Similarly, how do women of color reconcile their relationships with others who call themselves allies, but who are only interested in their own personal gain from the movement?

And in Anzaldua’s words, how do women of color resist the imposition of internalized self-loathing on their counterparts?

Like the (colonizer) we try to impose our version of ‘the way things should be’: we try to impose one’s self on the Other by making her the recipient of one’s negative elements, usually the same elements that the Anglo projected on us. Like them, we project our own self-hatred on her: we stereotype her; we make her generic.

The response to these challenges vary from voice to voice, and themselves only represent a sample of the book’s many subjects, but Making Face manages to place its multiple different perspectives in a way that still indicates a true solidarity between them.

For this, I know that JIMBO TIMES is privileged to share the collection with the people of Los Angeles, as well as with the many other fans across the globe (yeah, we’re worldwide </:).

And to be sure, there’s far more that can be said about the collection — of its beautiful treatment of dreams and time and space, or of its historic lens across the decades — but of course, there’s only so much we can say before time runs out.

For now, check out Making Face, Making Soul for yourself; I assure you you won’t regret it!

With more soon,

J.T.

The Sky Opens Up,

Meeting The City again;

It’s old friend, for a new when

The People rise,

Lost and Found

They look unbound as they race across

The City

Like meteorites

Flashing through space;

Faces made of iron, gleaming in the light,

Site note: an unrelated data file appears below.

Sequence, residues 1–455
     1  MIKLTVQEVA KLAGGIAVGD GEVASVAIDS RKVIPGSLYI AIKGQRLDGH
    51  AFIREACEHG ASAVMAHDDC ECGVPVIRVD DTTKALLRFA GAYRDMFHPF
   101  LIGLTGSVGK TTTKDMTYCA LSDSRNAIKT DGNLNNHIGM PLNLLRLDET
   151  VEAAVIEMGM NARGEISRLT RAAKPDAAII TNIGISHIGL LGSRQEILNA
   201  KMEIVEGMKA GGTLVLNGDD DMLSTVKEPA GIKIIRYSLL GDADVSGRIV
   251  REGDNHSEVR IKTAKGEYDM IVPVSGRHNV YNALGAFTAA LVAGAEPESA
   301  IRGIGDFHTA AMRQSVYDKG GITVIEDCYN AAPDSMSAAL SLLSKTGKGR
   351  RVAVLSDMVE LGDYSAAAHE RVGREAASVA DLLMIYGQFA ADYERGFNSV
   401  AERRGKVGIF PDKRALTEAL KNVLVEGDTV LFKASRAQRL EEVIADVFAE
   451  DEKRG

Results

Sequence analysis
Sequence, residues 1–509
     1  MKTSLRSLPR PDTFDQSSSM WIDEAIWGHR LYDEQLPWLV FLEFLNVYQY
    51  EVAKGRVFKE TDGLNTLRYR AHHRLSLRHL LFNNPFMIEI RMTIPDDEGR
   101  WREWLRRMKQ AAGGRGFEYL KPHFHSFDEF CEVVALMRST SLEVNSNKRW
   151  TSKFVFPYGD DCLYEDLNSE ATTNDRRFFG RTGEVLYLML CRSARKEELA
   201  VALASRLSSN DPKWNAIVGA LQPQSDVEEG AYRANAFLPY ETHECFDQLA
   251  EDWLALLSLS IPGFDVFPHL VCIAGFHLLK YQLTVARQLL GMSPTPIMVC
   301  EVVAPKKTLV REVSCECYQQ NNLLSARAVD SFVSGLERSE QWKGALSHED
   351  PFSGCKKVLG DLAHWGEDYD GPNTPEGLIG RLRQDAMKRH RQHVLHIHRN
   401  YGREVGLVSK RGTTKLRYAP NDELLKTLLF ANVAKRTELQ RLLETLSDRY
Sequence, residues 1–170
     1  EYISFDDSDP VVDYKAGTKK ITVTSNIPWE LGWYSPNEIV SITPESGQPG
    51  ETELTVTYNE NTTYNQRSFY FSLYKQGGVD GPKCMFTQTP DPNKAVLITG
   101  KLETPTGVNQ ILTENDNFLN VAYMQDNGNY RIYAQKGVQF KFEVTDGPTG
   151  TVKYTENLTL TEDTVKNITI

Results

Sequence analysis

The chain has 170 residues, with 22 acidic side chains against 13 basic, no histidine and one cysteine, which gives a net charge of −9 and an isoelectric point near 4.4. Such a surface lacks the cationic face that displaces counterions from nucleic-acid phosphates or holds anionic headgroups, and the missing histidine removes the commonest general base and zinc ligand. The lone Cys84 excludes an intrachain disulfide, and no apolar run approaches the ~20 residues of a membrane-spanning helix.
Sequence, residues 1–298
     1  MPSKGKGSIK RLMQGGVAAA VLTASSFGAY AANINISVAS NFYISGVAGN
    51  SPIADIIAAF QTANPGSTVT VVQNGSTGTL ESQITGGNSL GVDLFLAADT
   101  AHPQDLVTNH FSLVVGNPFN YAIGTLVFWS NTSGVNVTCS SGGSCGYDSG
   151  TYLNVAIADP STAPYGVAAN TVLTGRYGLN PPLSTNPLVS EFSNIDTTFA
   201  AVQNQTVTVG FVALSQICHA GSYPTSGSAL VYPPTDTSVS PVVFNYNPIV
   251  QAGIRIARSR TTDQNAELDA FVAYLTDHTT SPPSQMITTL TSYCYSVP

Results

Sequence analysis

Racing past giants

Like Mercury before the one,

They are all stars, as much as they are stardust;

The sky is their biggest fan

Watching them
Studying them
Loving them

Through infinity, in the blink of an eye.

</:)

Glowing white,

An angel tried to tell me my fate the other day,

Not knowing how I am the darkness

Which towers over the night.

When the angel discovered this about me,

It retreated to the heavens.

To which I said, so be it:

I needed no light

To see night as

My only destiny. And

Glowing in my darkness,

I smiled at the bright side of my face,

My laughter cackling through the sky.

I cursed the angel then, for

What it tried to make of me.

The darkness of my character, its truth and its worth

Glows as much as any benevolent light above from heaven.

Ana Castillo: Massacre of the Dreamers (1995)

Morning!

Starting this month, we’re officially getting back to reviewing a book once a month. And we’ll just go ahead and get started with Ana Castillo’s Massacre of the Dreamerswhich I finished reading just earlier today!

Ana Castillo: Bibliography

Massacre of the Dreamers is crucial literature for any activist in the 21st century, as Castillo searingly navigates through the century-old roots of oppression at the heart of the Americas: the oppression of the brown woman.

Castillo not only details the layers of misogynist systems which brown women have faced throughout their existence, but she also manages to cast a vision for those of us who want to be allies of Xicanisma –Chicana-based feminist consciousness — as we seek to free ourselves from our own internalized oppression.

Steeped with fact-based analysis but not overwhelmingly focused on numbers, the book is also a model for what academic literature should be: based on the present conditions faced ‘on the ground’ by non-academics, since the majority of the working class which so many scholars hope to advocate for have neither the time nor the patience to sift through jargon-laden writing aimed at other academics.

M.O.D was published in 1995, but is as relevant now as it was during the nineties for its careful examination of events like the Chicano Student walkouts of East Los Angeles in 1968, subsequent movements for economic justice such as the 1986 Watsonville Women’s Strike, and the form which the movement has taken more recently in events such as the Mujeres Activas en Letras y Cambio Social (MALCS) conference.

I started reading the book for another project yours truly is working on, and I’m sure glad I did, as it’s led me to the work of other great women’s writing that will also make its way to the reviews section soon.

For now, I would absolutely recommend Ana Castillo’s book for anyone looking to learn about such an important yet undervalued part of our society today: the Amerindian, or Mestiza mujer.

J.T.